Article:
Hybrid Skibiking Day 1

Posted: Wednesday, 6 April 2011 by Mark Kinnon in Labels: , ,

To be in some of the best and most challenging terrain that Europe has to offer on a machine you have only ridden before for an hour or so left me with a feeling of dread that I haven't experienced since the first time I came to these mountains as a novice skier. I was genuinely apprehensive as to what my first day on the Firem VS would bring and I confess I was tempted to leave it in the car and bung on some SnowBlades.
I have envied those who can ride in the "pegger" American style, but have never got it to work on steeper slopes.
I wasn't sure whether riding in soft boots without footskis would even be allowed and after the run in with the lift operators yesterday, I really didn't want to push my luck any further.

I though it through at great length and decided to aim for "Hybrid Skibiking" i.e. use foot skis and hard boots but keep them on the pegs whenever feasible. This will probably make me an unwanted half-caste hated equally by both skibiker clans.
Serge from Firem will hate me for not riding his veloski as he expects it to be ridden and the SkiBobbers will hate me for choosing the very antithesis of their style of riding with over half a century of tradition behind it.

Luckily to access the main ski area required me to follow the piste down from the hotel to the main gondola station. At least this way I could get a sneaky private run in before performing in public. I carried the Firem VS down to the start of the piste, nervously mounted and set off. Because you sit so high you can't run both feet over the snow and Serge's words "This is not a Brenter you can't ride it like one" echoed in my head.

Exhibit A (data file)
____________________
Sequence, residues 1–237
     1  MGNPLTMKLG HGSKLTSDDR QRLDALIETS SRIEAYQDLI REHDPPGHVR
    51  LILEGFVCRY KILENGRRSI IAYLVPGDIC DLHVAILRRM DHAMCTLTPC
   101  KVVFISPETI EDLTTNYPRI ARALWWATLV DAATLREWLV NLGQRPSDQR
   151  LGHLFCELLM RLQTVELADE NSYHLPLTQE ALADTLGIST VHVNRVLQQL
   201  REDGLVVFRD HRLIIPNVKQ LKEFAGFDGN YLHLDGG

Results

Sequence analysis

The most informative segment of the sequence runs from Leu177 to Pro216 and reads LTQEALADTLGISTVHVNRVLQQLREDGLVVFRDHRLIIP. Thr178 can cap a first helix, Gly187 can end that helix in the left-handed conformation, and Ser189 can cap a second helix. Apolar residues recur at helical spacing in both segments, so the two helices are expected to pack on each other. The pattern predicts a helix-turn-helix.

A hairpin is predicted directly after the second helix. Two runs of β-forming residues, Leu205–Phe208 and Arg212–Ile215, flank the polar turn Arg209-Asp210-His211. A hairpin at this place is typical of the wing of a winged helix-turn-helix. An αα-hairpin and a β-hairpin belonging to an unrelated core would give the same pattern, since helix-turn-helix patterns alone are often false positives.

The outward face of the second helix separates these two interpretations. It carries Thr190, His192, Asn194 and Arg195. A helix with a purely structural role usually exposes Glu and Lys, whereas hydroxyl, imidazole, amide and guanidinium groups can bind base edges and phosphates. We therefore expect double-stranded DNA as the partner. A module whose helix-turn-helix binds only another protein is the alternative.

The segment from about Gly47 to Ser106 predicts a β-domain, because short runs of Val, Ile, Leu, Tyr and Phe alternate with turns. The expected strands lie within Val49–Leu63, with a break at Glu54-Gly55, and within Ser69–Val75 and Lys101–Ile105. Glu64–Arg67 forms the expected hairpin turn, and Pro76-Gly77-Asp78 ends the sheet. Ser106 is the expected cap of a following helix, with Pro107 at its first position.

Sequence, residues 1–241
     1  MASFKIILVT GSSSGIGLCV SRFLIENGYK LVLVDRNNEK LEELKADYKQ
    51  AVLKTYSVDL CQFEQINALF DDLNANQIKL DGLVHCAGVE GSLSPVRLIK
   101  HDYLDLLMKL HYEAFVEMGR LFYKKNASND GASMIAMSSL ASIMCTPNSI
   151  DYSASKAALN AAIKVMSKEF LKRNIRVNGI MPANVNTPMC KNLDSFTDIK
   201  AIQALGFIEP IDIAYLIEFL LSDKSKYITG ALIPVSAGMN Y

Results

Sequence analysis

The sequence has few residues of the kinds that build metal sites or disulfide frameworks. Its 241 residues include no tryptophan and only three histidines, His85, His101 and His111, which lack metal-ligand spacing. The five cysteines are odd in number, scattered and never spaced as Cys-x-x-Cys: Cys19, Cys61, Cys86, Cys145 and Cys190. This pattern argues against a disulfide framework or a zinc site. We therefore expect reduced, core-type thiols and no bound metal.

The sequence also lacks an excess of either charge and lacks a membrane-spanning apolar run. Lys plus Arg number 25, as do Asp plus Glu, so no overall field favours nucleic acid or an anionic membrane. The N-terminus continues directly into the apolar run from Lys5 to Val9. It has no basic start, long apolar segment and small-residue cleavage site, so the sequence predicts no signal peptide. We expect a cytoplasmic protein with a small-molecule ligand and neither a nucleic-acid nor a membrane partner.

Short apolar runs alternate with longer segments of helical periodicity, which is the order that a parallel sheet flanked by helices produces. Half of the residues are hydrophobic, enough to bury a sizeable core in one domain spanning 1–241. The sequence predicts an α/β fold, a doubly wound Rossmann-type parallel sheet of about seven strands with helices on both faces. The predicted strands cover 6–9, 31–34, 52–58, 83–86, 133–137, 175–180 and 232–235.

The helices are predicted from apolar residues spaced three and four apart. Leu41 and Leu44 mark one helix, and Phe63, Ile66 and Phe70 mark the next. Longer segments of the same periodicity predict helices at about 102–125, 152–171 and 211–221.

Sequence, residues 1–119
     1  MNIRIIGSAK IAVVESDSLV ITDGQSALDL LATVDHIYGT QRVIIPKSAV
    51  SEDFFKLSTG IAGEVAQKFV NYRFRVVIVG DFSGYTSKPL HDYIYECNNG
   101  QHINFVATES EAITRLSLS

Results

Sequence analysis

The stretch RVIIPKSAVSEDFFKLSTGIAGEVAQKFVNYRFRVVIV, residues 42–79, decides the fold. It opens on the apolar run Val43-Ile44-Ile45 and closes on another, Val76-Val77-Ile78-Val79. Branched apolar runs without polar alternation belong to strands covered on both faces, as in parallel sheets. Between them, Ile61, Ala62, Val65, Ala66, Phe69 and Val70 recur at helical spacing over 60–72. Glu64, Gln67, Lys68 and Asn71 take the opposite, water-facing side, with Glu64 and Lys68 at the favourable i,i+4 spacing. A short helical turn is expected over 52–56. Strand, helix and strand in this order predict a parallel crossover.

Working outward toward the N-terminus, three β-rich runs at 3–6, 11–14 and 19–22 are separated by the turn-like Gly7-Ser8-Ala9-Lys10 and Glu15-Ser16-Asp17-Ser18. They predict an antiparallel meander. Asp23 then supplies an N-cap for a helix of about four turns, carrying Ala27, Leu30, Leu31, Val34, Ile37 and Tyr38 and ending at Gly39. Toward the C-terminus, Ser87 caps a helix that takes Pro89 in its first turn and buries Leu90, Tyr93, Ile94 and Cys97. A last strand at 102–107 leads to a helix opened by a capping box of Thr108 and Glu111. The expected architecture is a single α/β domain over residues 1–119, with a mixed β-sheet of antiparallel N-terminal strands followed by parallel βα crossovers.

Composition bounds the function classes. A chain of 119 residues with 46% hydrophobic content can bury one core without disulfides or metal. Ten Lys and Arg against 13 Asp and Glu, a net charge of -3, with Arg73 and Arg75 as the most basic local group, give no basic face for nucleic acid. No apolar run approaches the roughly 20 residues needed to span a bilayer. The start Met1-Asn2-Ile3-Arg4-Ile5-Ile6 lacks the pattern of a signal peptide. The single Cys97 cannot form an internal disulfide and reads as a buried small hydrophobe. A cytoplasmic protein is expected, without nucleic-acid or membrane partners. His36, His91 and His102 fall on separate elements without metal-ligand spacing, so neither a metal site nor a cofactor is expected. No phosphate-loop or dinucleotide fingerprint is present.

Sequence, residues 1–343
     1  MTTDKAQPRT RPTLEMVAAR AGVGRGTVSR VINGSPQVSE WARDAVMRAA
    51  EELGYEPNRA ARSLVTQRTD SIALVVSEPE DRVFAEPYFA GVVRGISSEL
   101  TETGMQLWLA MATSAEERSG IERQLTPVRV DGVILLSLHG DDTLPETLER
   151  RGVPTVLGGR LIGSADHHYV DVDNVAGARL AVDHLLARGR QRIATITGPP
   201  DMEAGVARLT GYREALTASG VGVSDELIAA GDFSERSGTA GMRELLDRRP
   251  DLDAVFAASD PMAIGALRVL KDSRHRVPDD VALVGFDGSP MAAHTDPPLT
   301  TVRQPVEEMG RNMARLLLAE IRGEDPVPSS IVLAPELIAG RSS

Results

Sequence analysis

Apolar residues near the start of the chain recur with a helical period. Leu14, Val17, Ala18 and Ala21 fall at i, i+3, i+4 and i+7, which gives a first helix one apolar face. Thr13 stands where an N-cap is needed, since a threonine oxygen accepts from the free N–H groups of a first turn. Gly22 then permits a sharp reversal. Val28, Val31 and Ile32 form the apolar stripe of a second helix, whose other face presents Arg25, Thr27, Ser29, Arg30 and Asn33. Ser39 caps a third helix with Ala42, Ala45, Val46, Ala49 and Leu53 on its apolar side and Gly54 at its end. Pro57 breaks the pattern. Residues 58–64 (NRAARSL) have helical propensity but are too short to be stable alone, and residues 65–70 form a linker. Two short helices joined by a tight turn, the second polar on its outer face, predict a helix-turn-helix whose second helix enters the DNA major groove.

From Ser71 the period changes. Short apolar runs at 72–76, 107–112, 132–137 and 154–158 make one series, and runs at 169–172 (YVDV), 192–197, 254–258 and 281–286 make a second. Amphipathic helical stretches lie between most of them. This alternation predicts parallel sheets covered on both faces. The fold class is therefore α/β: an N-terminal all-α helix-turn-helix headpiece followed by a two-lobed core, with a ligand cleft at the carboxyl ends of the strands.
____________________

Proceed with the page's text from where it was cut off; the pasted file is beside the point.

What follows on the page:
I sort of muddled my way down to the gondola station, took the lift operators by surprise by arriving on yet another skibike. But this one had the magic certification number on it and they let me pass. Trying to be as incognito as possible on the only skibike in Tignes I headed for the nearest and easiest blue run to try and work out how to ride it my way!

Firem VS - I hope we're going to be friends

The solution I found seemed so counter intuitive but works really well if you are converting over from more traditional types of skibob skibikes.
You try to ride with the footskis on the pegs at all times, but when the gradient seems too much and you need to turn to control speed, keep your DOWNHILL FOOT ON THE PEGS and GLIDE YOUR UPHILL FOOT over the snow with as little weight on it as is possible.
This worked a treat on a number of blue runs and as the day wore on I started to move on to the red runs.

When you get pegging right it is an absolute delight, it is so smooth, almost like floating on air.

It helps to keep your knees clamped together (brings back memories of dating Catholics) and your thighs gripping the frame, which oddly feels quite comfortable and natural.
Sometimes the ride is almost telepathic and at others weird shit happens. Quite small body movements can have a huge impact and the first time you feel the rear ski wanting to overtake the front it can be a little disconcerting. I think these dynamics are at work when you ride your traditional skibob, but the foot skis on the snow negate the effects.

The beauty of my method is that when things get odd I find myself slapping a foot ski on the snow for stability and recovering rather than crashing.

I had two bad dismounts from the chairlift where the Firem's longer front forks caused me to accidentally drag the front ski on the snow, tipping me off the chair and over the skibike. I am glad I have been wearing my helmet, I had a similar experience earlier in the year and being hit by a chairlift really smarts.

With aching forearms and in very slushy conditions I chose to call it quits at 3pm, I don't like skibiking on brown snow, that's just wrong.

I haven't got it badly wrong so far and am hoping that tomorrow I could actually start to enjoy it.

Tignes Espace Killy  - some of the best and most challenging terrain that Europe has to offer